LOGAN Members of skiing and environmental groups aren't happy with the U.S. Forest Service's decision to open more land in Logan Canyon to snowmobiling.
After years of haggling, the Forest Service decided to slash the amount of land set aside for nonmotorized recreation in a popular part of the canyon by almost half. The approximately 9,500 acres from the Tony Grove area north to Franklin Basin where snowmobiles had been banned will be reduced this winter to two separate areas with a combined acreage of about 4,500.
That means skiers or snowshoers in those areas will be subjected to the noise and exhaust fumes of nearby snowmobilers, said Nick Bouwes, who just stepped down as president of Nordic United, a group that promotes nonmotorized winter recreation.
"It's going to be impossible to ski in those areas without hearing snowmobiles," Bouwes said. "Part of the experience is trying to get out into the backcountry and experience peace and quiet."
But members of snowmobiling groups said the new boundaries are the result of the Forest Service's effort to strike a compromise between snowmobilers and skiers. Snowmobilers wanted, but failed to get, access to areas closer to U.S. Highway 89, said Garth Barker, public lands director for the Top of Utah Snowmobile Association.
"It's probably as equitable as it's going to get," Barker said. "Both sides kind of lost on the deal."
With the increased popularity of outdoor sports like cross country skiing and the development of snowmobiles that can travel farther into the backcountry, conflicts between the two groups escalated to the point the Forest Service decided to restrict snowmobiles to specific areas. The Forest Service's 2003 plan banned snowmobiling in an area bordered roughly by the Mount Naomi Wilderness on the west, U.S. 89 on the east, Tony Grove Creek on the south and Hell's Kitchen near Franklin Basin on the north.
But many skiers and snowmobilers disliked the plan, and David Tenny, a top official in the U.S. Department of Agriculture, directed the Forest Service to reconsider. After snowmobiling and skiing groups offered alternatives, the Forest Service expanded the snowmobiling boundaries.
The Forest Service caved in to pressure from U.S. Rep. Rob Bishop, R-Utah, said Bryan Dixon, a backcountry skier who belongs to Nordic United and the Bridgerland Audubon Society.
A spokesman for Bishop confirmed the congressman did get involved but only because he wanted to make sure the process was fair.
"Our office was most interested in making sure both sides were being heard," Scott Parker said. "I don't get the sense that Rob pushed for one side or the other."
Meanwhile, this winter will be the first under the new boundaries, and the Forest Service hopes for few confrontations between skiers and snowmobilers. Both sides tell tales about misbehavior by the other side.
Snowmobilers say a skier assaulted a snowmobiler and threatened Forest Service officials at Tony Grove last year. The Forest Service confirmed there was an incident but said it was hard to determine exactly what happened.
On the other hand, skiers blame snowmobilers for vandalism at a backcountry yurt in 2006. Skiers complain snowmobilers also intentionally packed a parking lot near Franklin basin last winter in an effort to disrupt a cross country skiing race.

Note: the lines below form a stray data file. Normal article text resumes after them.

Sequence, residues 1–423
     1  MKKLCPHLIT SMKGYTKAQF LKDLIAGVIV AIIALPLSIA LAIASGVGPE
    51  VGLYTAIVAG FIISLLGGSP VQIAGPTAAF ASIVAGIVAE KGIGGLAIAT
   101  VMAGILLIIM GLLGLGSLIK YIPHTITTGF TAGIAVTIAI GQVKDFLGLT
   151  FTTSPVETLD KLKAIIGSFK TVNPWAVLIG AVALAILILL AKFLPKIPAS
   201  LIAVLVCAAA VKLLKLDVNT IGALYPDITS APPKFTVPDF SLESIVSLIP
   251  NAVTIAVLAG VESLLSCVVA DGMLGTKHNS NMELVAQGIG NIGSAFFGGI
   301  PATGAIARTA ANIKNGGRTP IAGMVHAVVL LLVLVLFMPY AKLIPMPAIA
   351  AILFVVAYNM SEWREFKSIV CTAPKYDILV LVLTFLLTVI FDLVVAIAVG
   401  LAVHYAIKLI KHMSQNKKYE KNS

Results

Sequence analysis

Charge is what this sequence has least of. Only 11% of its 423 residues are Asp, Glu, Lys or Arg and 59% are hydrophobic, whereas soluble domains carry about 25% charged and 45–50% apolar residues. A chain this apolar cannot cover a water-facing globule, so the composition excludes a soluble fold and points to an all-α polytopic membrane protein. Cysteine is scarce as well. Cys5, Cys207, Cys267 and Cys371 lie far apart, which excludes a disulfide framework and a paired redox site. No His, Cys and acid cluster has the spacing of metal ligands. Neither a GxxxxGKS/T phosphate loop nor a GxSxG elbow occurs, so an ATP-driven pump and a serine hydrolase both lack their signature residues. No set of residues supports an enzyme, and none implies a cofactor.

Skiers also contend snowmobilers harass wildlife and create avalanche hazards by driving above skiers on slopes.
But snowmobilers complain skiers, who sometimes bring their dogs, disrupt wildlife more than snowmobiles, which go through wildlife areas quickly. Besides, snowmobilers said, the best snowmobiling is at the higher elevations, and deer, elk and moose move to lower areas in the winter.
"If you cross country with your dog, they will run," said Kelly Leishman, president of the Top of Utah group. "They get used to a moving vehicle."
And snowmobilers point out that skiers are free to go virtually anywhere in Cache National Forest, including wilderness areas, while snowmobiles are boxed in by boundaries.
Despite the conflicts, most skiers and snowmobilers get along, said Ron Vance, recreation resource manager for the Wasatch-Cache National Forest.
"We haven't run into that many confrontations. We know there is a lot of unpleasantness," he said. "It's mostly a few bad apples."
Contrary to stereotypes, Vance said, many snowmobilers are concerned about the environment, and snowmobilers have reported other snowmobilers who have broken the rules.
But Dixon complained few snowmobilers are prosecuted for entering closed areas.
"There are a significant number of snowmobilers who intentionally violate those boundaries," Dixon said. "They don't have any fear whatsoever of being caught."
During the past three winters, the Forest Service has cited 13 snowmobilers, mostly for going out of bounds. Another 18 have received warning notices.
Snowmobiling in a closed area is a misdemeanor, punishable by a fine of up to $500.
This winter, Vance said, a Forest Service officer will patrol the Logan Ranger District on a snowmobile. In the past, there has been only one such officer for the Ogden and Logan districts, he said.
The Forest Service also hopes to reduce problems by circulating winter recreation maps and posting signs at trailheads outlining snowmobile boundaries, Vance said. In some cases, he said, Forest Service officials will be on hand at trailheads to explain the rules."We certainly hopeful we're moving toward an era when the groups can work together," Vance said.
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